Even as a twelve year old I saw this as completely unfair, and from that moment on I viewed the events of the Vietnam War with a critical eye. From that perspective it was easy enough, even as a teenager, to question just why we were there in the first place. This was a civil war between to ideologies in a country half a world away. Why did we have to send men over there to die for one side or the other.

I was active in local protests and moved up to the national level when I was 15. I was clubbed unconscious by one of Mayor Daley’s Storm troopers in Lincoln park on Sunday, August 25th 1968.

I was in college in 1967 when I received my 1A notice to report for a physical. Somehow, the school had neglected to send in my 2S deferment. I wasn’t against the war so much as I was against me getting shot for no good reason. I went for my physical, and they told me that I was eligible for the draft in 28 days. I called the Navy immediately and told them I’d enlist if they would tell the Army to go fuck themselves. My reason for joining the Navy was to supposedly stay out of Vietnam. Unfortunately, I accidentally chose to be a Seabee, which meant that a year later I was standing on the tarmac at Da Nang Air Base, drenched in sweat and wondering WTF I’d gotten myself into.

My reaction to participation has changed over the years. Back then, I didn’t feel that I really had a choice. I hated being there, but I also hated the protesters back in the US. I don’t think I understood that it wasn’t me they were protesting, but rather the government’s participation in a bullshit war. I understand now that it was a terrible waste of people and treasure, and if I had to do it over again, I might have taken a different path. I don’t defend the war at all, but I do take issue with people who glibly dismiss the lives lost there and the terrible psychic damage done to so many men and women. My own version of PTSD comes out pretty strongly when that happens.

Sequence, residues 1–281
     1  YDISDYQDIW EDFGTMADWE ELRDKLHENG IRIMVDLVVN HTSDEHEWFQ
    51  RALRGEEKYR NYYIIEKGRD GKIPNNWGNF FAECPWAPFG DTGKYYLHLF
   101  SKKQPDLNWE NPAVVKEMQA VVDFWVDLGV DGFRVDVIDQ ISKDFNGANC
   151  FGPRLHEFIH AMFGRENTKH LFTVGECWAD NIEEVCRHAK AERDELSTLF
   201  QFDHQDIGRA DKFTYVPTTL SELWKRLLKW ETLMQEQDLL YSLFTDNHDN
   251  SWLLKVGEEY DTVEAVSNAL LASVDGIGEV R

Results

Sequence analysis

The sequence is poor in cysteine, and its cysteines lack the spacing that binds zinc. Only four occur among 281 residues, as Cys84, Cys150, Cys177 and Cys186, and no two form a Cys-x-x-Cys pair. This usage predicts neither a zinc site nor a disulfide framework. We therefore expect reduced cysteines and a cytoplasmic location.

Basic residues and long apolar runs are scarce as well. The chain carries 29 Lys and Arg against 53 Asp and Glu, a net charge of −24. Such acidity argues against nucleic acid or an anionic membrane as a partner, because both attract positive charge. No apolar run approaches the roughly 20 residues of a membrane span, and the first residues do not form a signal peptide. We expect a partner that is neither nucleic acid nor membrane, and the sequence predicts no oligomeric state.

Well said.

Thank you for your service.

Same for my dad (he’s 71). He was going to get drafted so him and his best friend signed up for the Army. Somehow his friend got sent to Germany, and dad was in the Army 1st Cav and got dropped out of helicopters in the middle of the jungle.

Funny thing is that dad was a full-fledged member of the Mennonite Church at the time. His folks had joined when dad was 5 or so. He could have easily been a conscientious objector. But he would rather get shot at than admit he was a Mennonite, I guess. His father had been in WWII but was not pressuring him to go.

By the time he got home, he was anti-war. Going to Vietnam definitely fucked him up for the rest of his life. It’s only recently, like within the past 5 years or so, that he’s letting people positively recognize his service. He’s now a VFW member.